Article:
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The Rock Scorpions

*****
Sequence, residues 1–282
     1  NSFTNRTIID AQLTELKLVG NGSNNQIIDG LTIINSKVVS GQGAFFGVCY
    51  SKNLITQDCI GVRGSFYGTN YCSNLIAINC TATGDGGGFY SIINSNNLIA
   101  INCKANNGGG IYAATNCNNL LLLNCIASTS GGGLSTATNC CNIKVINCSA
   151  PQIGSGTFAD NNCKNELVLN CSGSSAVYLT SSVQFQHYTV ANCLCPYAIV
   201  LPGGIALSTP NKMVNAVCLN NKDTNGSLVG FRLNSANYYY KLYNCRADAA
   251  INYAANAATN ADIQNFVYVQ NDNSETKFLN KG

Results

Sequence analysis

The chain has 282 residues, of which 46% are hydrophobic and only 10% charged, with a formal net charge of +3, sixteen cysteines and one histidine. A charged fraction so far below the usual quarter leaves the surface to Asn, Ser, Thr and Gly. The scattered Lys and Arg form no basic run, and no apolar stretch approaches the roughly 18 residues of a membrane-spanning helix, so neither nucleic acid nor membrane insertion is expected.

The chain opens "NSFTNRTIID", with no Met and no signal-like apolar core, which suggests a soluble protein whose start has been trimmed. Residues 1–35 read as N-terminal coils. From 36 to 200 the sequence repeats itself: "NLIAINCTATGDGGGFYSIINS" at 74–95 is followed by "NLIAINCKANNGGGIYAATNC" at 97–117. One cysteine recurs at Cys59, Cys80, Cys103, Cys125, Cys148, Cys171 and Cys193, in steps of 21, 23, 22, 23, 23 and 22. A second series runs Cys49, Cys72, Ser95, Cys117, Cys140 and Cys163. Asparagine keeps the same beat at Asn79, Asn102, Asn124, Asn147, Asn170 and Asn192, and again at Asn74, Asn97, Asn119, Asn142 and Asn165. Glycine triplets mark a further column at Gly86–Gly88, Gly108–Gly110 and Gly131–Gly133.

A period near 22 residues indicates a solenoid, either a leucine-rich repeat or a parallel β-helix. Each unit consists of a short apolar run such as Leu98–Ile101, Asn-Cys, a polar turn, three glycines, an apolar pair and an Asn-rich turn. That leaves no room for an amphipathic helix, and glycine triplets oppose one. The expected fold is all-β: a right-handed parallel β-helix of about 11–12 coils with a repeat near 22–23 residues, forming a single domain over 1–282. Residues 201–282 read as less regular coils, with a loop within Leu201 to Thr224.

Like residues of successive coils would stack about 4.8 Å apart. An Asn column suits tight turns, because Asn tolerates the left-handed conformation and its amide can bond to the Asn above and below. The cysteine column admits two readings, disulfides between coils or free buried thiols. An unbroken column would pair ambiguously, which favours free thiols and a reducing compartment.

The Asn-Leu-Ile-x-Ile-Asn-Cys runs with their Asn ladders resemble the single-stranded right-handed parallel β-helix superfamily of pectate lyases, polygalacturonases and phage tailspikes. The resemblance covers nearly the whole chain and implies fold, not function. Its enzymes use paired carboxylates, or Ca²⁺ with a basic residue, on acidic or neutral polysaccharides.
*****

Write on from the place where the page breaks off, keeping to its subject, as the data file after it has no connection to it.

The screw steamer Jenny Jones was lying alongside a coal-hulk at Gibraltar one October afternoon. By three o'clock her bunkers were nearly filled, and the captain was getting ready for casting off, when one of the natives came on board. Captain Hindhaugh looked about for something to throw at the visitor, and only the difficulty of selecting an efficient missile from a large and varied assortment prevented him from letting fly at once. The "Scorpion" said, "Ah, no, no, Capeetan! No been throw nothin' at myself. Beesiness! I'se been com' for beesiness. Big thing, Capeetan!" The last phrase was spoken with such a profound wink that Hindhaugh held his hand, and, addressing the man as one would an ill-conditioned dog, said, "Don't keep bowing and scraping there, you tastrel! Get it out sharp!" The Scorpion whispered, "No been talk up here. Keep ship one hour, two hour, three hour. You'se been com' with me, and I speak you somethin' myself." Like many of his tribe, this interesting native spoke a kind of English which is not heard anywhere else on the Mediterranean shore. A few of the people on the Rock learn to talk very well to our men, but most of those who come about the ships use a picturesque lingo in which "myself" the place of quite a variety of parts of speech. Hindhaugh invited the man below, and asked him to explain himself. The fellow leaned over the table and chattered on, throwing quick side glances at every few words. "This been big thing, Capeetan. You get away a little; drop your anchor a little. Then three felucca com' alongside, and you'se been hoist bales. Then you 'se go where agent say you. Very big thing. Five thousand sovereign." "What is it? tobacco?" "That been it." "Where for?" "Huelva." "I'm not going out of Portuguese waters at no price." "Ah, no, no, Cheesu, Capeetan--no! Five mile. We have felucca there ready. I 'se been see him myself." "What's the figure? what's the money?" "You com' 'shore and see agent with myself." Hindhaugh put a revolver in his pocket and went on deck; the Scorpion got ashore, and hung about with an air of innocence. The captain was about to follow when the man in charge of the hulk called out, "Do you intend to keep bumping us like this all night? Why don't you cast off? You're knocking us all to flinders." Hindhaugh beckoned. "Look here, my good chap, it won't matter to you for a couple of hours. Let us lie till dusk, and then I'll get away. I've got important business ashore." "That's very well, Captain. But look here; if there's anything on, I'm in it. You understand --I'm in it." "You understand that, do you? Well then, I'll tell you to keep your mouth shut just now, or never another ton of coal will you put aboard of us as long as I run here." "All right, Captain. No need to be nasty. You'll do the square thing, I bet." Then Hindhaugh went ashore, and the Scorpion walked on ahead, gazing on architectural beauties with easy interest. Presently the two men came to a narrow stairway, and the Englishman gripped his revolver. A dark-eyed Spaniard was waiting on a landing, and held up two fingers when the guide passed. The Scorpion knocked at a greasy door, and an ugly fellow, with a cowl on, looked out and nodded. Hindhaugh stepped into a room that reeked with garlic and decay. Two men sat in the steamy dusk at the far side. An oily gentleman rose and bowed. "I'm the interpreter, Captain. You and this merchant must do your business through me. What'll you take to drink?" "Get through your business, mister. I'm not wanting any drink." In brief, jerky sentences the interpreter explained what was wanted. "You steam slowly till you're near the Fleet. Then put all your men on and get the stuff up. This man goes with you, and he'll tell you where to go. Lie five miles off Huelva." "I sha'n't go except to Portuguese waters." "Good. Then the lighters will come and the men will discharge you." "And now," said the captain, "what about me? How much?" "One hundred and twenty pounds." "Can't be done. Make it two hundred and fifty." After some haggling, a bargain was made for two hundred and twenty. Then Hindhaugh went further: "I want one hundred and ten down before we start, and the balance before you take an ounce of tobacco out of us." This was settled; the merchant bowed, and the skipper went away, still keeping his hand on the revolver. Every cranny in the walls seemed fit to hide a murderer--seemed made for nothing else; and Hindhaugh thought what a fool he must have been to venture under that foul arch. On getting aboard, the captain sent for his brother, who sailed as mate with him. He said, "Now, Jack, I'm going to run some risk. You take this pistol, and get her oiled and put right. When you see three feluccas coming alongside, get all the chaps on deck--the Dora's crew as well as ours." (Hindhaugh was taking home a ship-wrecked crew, and he was very grateful just then for that accession of force.) "Whack on everything you know, and get the bales up sharp. Tell the engineers to stand by for driving her, and leave the rest to me. If we're nailed we'll be detained, and I don't know what may happen; so you'll have to look slippy." Jack replied, "All right, sir!" Quarter-deck manners were punctiliously observed by one of the brothers. The shadows fell low, and the crown of the Rock grew dim. The creeping wind stole over the Pearl Rock, and set the sinister ripples dancing; the bugles sang mysteriously through the gloom, and the mystery of the night was in the air. The Jenny Jones stole quietly toward the broad sheet of water where the vessels of the Fleet heaved up their shadowy bulk above the lapping flood. All the English sailors were stripped to the shirt, and a low hum of excited talk came from amidships. Suddenly the raking yard of a felucca started out from amid the haze; then came another, and another. A sailor slipped a cork fender over the side, and there was a muffled bump and a slight scrape. Jack, the mate, whispered, "Now, you cripples!" and a brief scene of wild hurry and violent labour ensued. Bale after bale was whisked aboard; the Englishmen worked as only English sailors can, and the Scorpions excelled themselves under the influence of fear and black wine. When the last bale was up, Hindhaugh said to the man who first boarded him, "Who's got the money?" "Me, Capeetan. All right. Honest man myself. You'se been have every dollar." "Well then, it's neck or nothing. We have half an hour to clear out into the Gut. Come below, and shell out." The Scorpion counted out one hundred pounds in gold, and then asked, "That be enough? Other money all right other end." "Deuce a bit! Down with the other ten or I sliver you." The Scorpion did not know what "sliver" meant, but the gleam of the skipper's cold eye was enough for him. He paid up and went on deck. Hindhaugh had just said to the engineer, "Now, rive the soul out of her," when a low, panting sound was heard, and a white shape appeared gliding over the water. The captain had let the feluccas go, and the Jenny Jones was moving. He waved for the mate. "It's all up. Here's a mess. You must go home overland; suppose you swim ashore. Steady the men down." Jack performed one or two steps of a dance, and placed his finger against his nose. He rather enjoyed a scrape, did this frivolous chief officer. The white shape came nearer, and a sharp whistle sounded. Hindhaugh had known well enough that it was a steam-launch that made the panting noise, and he got ready for the worst. The launch drew right across the bows of the steamer, and then the throbbing of the little engines ceased. Again the whistle sounded; the launch gave a bound forward; then she struck away into the darkness, and Hindhaugh drew a long breath. In an instant every possible ounce of steam was put on, and the Jenny Jones went away at eleven knots toward the Gut. All night long the firemen were kept hard at it, and before morning the Rock was far astern of the driving steamboat. Three of the Scorpions had stayed aboard, and Captain Hindhaugh noticed that they earned their knives. He noticed, too, that the cringing manner which the fellows had shown before the Rock was cleared had given place to a sort of subdued swagger. About noon the engines were slowed down almost to nothing, and the Jenny Jones crept gently on toward the shore. By four o'clock the vessel was well into Portuguese waters, and Hindhaugh was prepared to defy any quantity of Spanish coast-guards. When the sun had dipped low the Scorpion-in-chief came aft, and pointed mysteriously to the northeast. "You'se been look where I point myself. Feluccas! You'se follow them in and drop anchor." Hindhaugh smiled. "Do you think you're talking to a fool? Come you below there, and let me have that other money sharp." "Ah, Capeetan, wait till agent's man come with felucca. I'se been have no money myself." Hindhaugh was not a person to be trifled with. He quietly took out his revolver. "Now, do you see that pretty thing? First shot for you. Look at that block forrad, and see how much chance you'll have if I fire at you." The pop of the revolver sounded, and then Hindhaugh went forward, pulling the Scorpion with him. "Do you see that hole, you image? How would you like if that was your gizzard? Now, no games, my joker." The Scorpion begged for time, and Hindhaugh was so sure of his man that he made no further objection. He had another conference with Jack, and, to that worthy man's great delight, he expressed certain forebodings. "We're going to have a fight over this job," said the skipper. "I'm dead sure of it. Go down and load the two muskets, and give them to the safest men. When the lighters do come, borrow the fireman's iron rods. I've lent the steward my bowie that I got at Charleston, and you can try and hold that old bulldog straight. We mustn't show the least sign of funking." Then Hindhaugh and his brother called for tea, and fed solidly. The Scorpion whispered down the companion, "They'se been com'," and the captain went on deck. Two large felucca-rigged lighters hove up slowly through the dusk, and the chief Scorpion's signal was answered. Hindhaugh saw both lighters draw near, he felt the usual scraping bump, and then he heard a sudden thunder of many feet. The second mate sung out, "Here's half a hundred of these devils, sir. They're all armed to the teeth." And sure enough, a set of ferocious-looking rapscallions had boarded the steamer. They looked like low-class Irishmen browned with walnut-juice. Each man had a heavy array of pistols in his sash, and all of them carried ugly knives. The Scorpion waved to the gang, and they arranged themselves around the pile of bales that stuck out through the after-hatch. Hindhaugh had fully discounted all the chances, and had made up his mind to one thing: he wouldn't be "done." The Scorpion imperiously observed, "Come below, Capeetan," and Hindhaugh went. Then the defiant native of the Rock put his back against the cabin door, heaved out his chest in a manly way, and said, "Now, Capeetan, you no have more money. You speak much, and I'se been get your throat cut myself." "You've got no money?" "No; not a d*mn dollar." "You won't keep to your bargain?" "No; you come 'shore for your money if you want him." Hindhaugh made up his mind in a flash. In spite of his habit of wearing a frock-coat and tall hat, he was more than half a pirate, and he would have ruffled it, like his red-bearded ancestors, had fighting been still the usual employment of Norsemen. He marked his man's throat, and saw that the insolent hands could not get at a knife quickly. Then he sprang at the Scorpion, gripped him by the windpipe, and swung him down. The fellow gurgled, but he couldn't cry out. Hindhaugh called the steward, and that functionary came out of his den with the long bowie. "Sit on him," said the captain. "If he stirs cut his throat. Now, you, if you move a finger you're done." The steward straddled across the Scorpion, and held the knife up in a sarcastic way. Hindhaugh went swiftly on deck, and stepped right among the jabbering Spaniards. He smiled as though nothing had happened, but when he saw one man lay hold of a bale he pulled him back. "Tell them I'll shoot the first man that tries to lift a bale till I'm ready." This message brought on a torrent of talk, which gave the captain time. He whispered to Jack, "Sneak you round through the engine-room. That lighter's made fast forrad; the second one's fast here. Get a hatchet from the carpenter, and set him alongside of the second rope. When I whistle twice, both of you nick the ropes, and we'll jink these swindling swine." The engineer also received orders to go full speed ahead on the instant that the whistle sounded. Hindhaugh kept up his air of good-humour, although the full sense of the risk he ran was in his mind. His threat of shooting had made the Spaniards suspicious, although they were used to big talk of the kind. One peep into the cabin would have brought on a collision, and although the Englishmen might have fought, there was nothing to gain by a fight. Everything depended on swiftness of action, and Hindhaugh determined grimly that if rapidity could do anything he would teach the "furriners" a lesson for trying to swindle him. He said, very politely, "We're all ready now. You get your men aboard the lighters, and we'll soon rash your cargo over the side." This was transmitted to the smugglers, and immediately they swarmed aboard their own boats. They had rather expected a quarrel, and this pacific solution pleased them. As Jack afterward said, "They blethered like a lot o' wild geese." All the foreigners were gone but three. Hindhaugh stepped quietly up to the interpreter, and said, very low, "I'm covering you with my revolver from inside my pocket. Don't you stir. Is that other money going to be paid?" The interpreter had been innocent of all knowledge of the wild work in the cabin. He stammered, "I thought by your way it was all right. Where's our man?" "I've got him safe enough. Ask those fellows in the lighters if any of them can pay the freight for the job. If you tell them to fire they may miss me, and I can't miss you." No one, not even the consignee's man, had any money; the smugglers meant to trick the Revenue, and the English captain as well. Hindhaugh whistled, and then roared out, "Lie down, all of you! Ram her ahead!" The hatchets went crack, crack; the steamer shuddered and plunged forward; and the lighters bumped swiftly astern. "Over the side, you animals, or I'll take you out to sea and drown you." The three Spaniards rushed to the side, and took flying leaps into the lighters. Hindhaugh stooped low and ran to the companion. "Let that beggar up," he shouted. The Scorpion scuttled on deck. "Now, mister, I'll let you see if you'll take me in. Over you go. Over the stern with you, and mind the propeller doesn't carve you." Two shots were fired, but they went wild. The Scorpion saw the whole situation; he poised for a second on the rail, and then jumped for it, and Hindhaugh laughed loudly as his enemy came up blowing. Jack performed a triumphal war-dance on the steamer's bridge, and the Jenny Jones was soon far out of pistol range. All that night Captain Hindhaugh did not sleep a wink. He was quite persuaded that he had acted the part of an exemplary Briton. What is the use of belonging to the ruling race if a mere foreigner is to do as he likes with you? But the adventurous skipper had landed himself in a pretty mess, and the full extent of his entanglement grew on him every minute. At twelve o'clock, when the watch was relieved, Jack came aft in a state of exultation that words cannot describe. He chuckled out, "Well, sir, we've made our fortunes this time." Hindhaugh damped his spirits by saying, slowly, "Not too fast; that 'baccy's got to go overboard, my boy." Jack's mental processes became confused. He had been measuring the cubic contents of the smuggled goods, and the thought of wasting such a gift of the gods fairly stunned him. Had it been cotton, his imagination would not have been touched. But 'baccy! and overboard! It was too much, and he groaned. He was ready with expedients at once. "Why not run it to Holland?" "Can't be done; where's our bill of lading?" "Make up one yourself; you have plenty of forms." "And suppose the luck goes the wrong way. What's to happen to me--and to you too for that matter?" "Run to a tobacco port, and warehouse the stuff in your own name." "We're not bound for a tobacco port. What's to be done about the cargo of ore that we are carrying? No, John; the whole five thousand pounds must go over the side." Next morning broke joyously. The sea looked merry with miles of brisk foam, and the little Portuguese schooners flew like butterflies hither and thither. Every cloud of spray plucked from the dancing crests flashed like white fire under the clear sun. It was one of the mornings when one cannot speak for gladness. But Hindhaugh's thoughts were fixed on material things. The rich bales lay there, and their presence affected him like a sarcasm. The men were called aft, and the shovels used for trimming grain were brought up. Then the captain said, "Now each of you take a pound or two of this tobacco, and then break the bales and shovel the rest overboard." The precious packages were burst, and the sight of the beautiful leaf, the richness of the tender aroma, affected the sailors with remorse. It was like offering up a sacrifice. But the captain's orders were definite; so until near noon the shovels were plied smartly, and one hundredweight after another of admirable tobacco drifted away on the careless sea. Hindhaugh watched grimly until at last his emotions overcame him. He growled, "Confound it, I can't do it! Belay there, men; I'll have another think over this job." And think he did, with businesslike solemnity, all day long. He saw that he might make a small fortune by risking his liberty, and the curious morality of the British sailor prevented him from seeing shades of right or wrong where contraband business was concerned. Had you told him that the tobacco was stolen, he would have pitched you overboard; he felt his morality to be unimpeachable; it was only the question of expediency that troubled him. For three days it was almost unsafe to go near him, so intently did he ponder and plan. On the fifth day he had worked his way through his perplexities, and was ready with a plan. A pilot cutter came in sight, and Hindhaugh signalled her. The pilot's boat was rowed alongside, and the bronzed and dignified chief swaggered up to the captain with much cordiality. No one is so cordial as a pilot who has secured a good ship. The two men exchanged news, and gradually slid into desultory talk. Suddenly Hindhaugh said, "Are you game for a bit of work? Do you ever do anything?" The pilot was virtuously agitated. He drew himself up, and, taking care that the mate should hear, answered, "Me! Not for the wurrrld, Cap'n. I've got a wife and children, sir." "All right, Pilot, never mind; come down and have some tea." Then Hindhaugh gradually drew his man out, until the pilot was absolutely confidential. The captain knew by the very excess of purity expressed in the pilot's first answer that he was not dealing with a simpleton; but he carefully kept away from the main subject which was in his (and the pilot's) mind. At last the man leaned over and gave a masonic sign. "What was that job you was speaking about, Cap'n? We're near home now, you know. Better not go too near." Hindhaugh played a large card. He smiled carelessly. "Fact is, I've just told the fellows to shy the stuff overboard; I shall risk no more." "Mercy me, Cap'n! You're mad. How did I know who you were? I see all about it now, but I did not know what game you might have on with me. I'm in it, you know, if the dimes is right!" "How?" "Why, if the job's big enough. You stand off for a day; go down to the Sleeve, and hang round, and I'll find you a customer." "If you do, I pay you three hundred pound as soon as his money's down." "Done, then. My boat's not gone far. Whistle her, and I'll go slap for Bristol. Never you mind for a day or two. How's your coals?" "They're all right. You scoot now, and fetch your man over this way. I'll go half-speed to the sou'west for twelve hours, another twelve hours half-speed back. You'll find us." In thirty-six hours the pilot cutter came back, and a Hebrew gentleman boarded the Jenny Jones from her. After a long inspection, the visitor said, "Now look here, I must have a hundred per cent. margin out of this. What's your figure?" "Two thousand five hundred." "Won't do. Say two thousand, and you pay the jackal out of that." "Done. And how do you manage?" "I'll split the lot up among three trawlers. You wait off, and give the jackal an extra fifty for bringing the boats down. I risk the rest." Another night passed, and the dawn was breaking coldly when the dirty sails of the trawlers came in sight. Ship after ship had hailed Hindhaugh, and offered to tow him if anything had happened to his engines. He knew he would be reported as lying off apparently disabled, and he was in a feverish state of excitement. The Hebrew speculator watched the last bale down the side, and then handed over the money, had a glass of brandy with the pilot, and departed--whither Hindhaugh neither knew nor cared. The Jenny Jones ran for her port. She had just slowed down, and the great waves of smoke from the town were pouring over her, when two large boats, heavily laden with men, came off to her. The men swarmed up the side, and the officer in command shouted, "Bring up the pickaxes, and go to work!" The hatches were pulled off before the steamer had taken up her moorings, and the men went violently to work among the ore. Hindhaugh looked innocent, and inquired, "What's all this about, officer?" "Fact is, Captain, we've got a telegram from Gibraltar to say you have contraband on board. You may save all trouble if you make a clean breast." "Contraband! Who told you that?" "Oh, we should have known without the wire. That gentleman on the quay there came overland, and he put us up to you." Hindhaugh looked ashore, and saw a dark face that he knew well. He whistled and smiled. Then he said to the officer, "You may just as well stop those poor beggars from blistering their hands. You won't find anything here except what the men have in the forecastle. You're done this journey fairly. Come away down and liquor, and I'll tell you all about it." Then Hindhaugh gave an artistic account of the whole transaction, and put the matter in such a light that the custom-house officer cordially congratulated him on having escaped without a slit weasand. The Jenny Jones went back to Gibraltar, and Captain Hindhaugh was very careful never to go ashore without a companion. One day he was passing a chandler's shop when a sunken glitter of dark eyes met him. His old acquaintance, the chief Scorpion, was looking stilettos and poison at him. But Hindhaugh went by in his big, burly way, and contented himself with setting on three watchmen every night during his stay. To this day he is pleased with himself for having given the foreigners a lesson in the elements of morality, and he does not fear their knives one whit.